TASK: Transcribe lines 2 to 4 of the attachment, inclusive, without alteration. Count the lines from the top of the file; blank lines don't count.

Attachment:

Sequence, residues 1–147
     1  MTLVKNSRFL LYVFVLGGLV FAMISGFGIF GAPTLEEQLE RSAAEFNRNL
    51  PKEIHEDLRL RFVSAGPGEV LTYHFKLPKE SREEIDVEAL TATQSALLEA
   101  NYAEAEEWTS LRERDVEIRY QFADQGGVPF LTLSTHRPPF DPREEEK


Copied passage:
     1  MTLVKNSRFL LYVFVLGGLV FAMISGFGIF GAPTLEEQLE RSAAEFNRNL
    51  PKEIHEDLRL RFVSAGPGEV LTYHFKLPKE SREEIDVEAL TATQSALLEA
   101  NYAEAEEWTS LRERDVEIRY QFADQGGVPF LTLSTHRPPF DPREEEK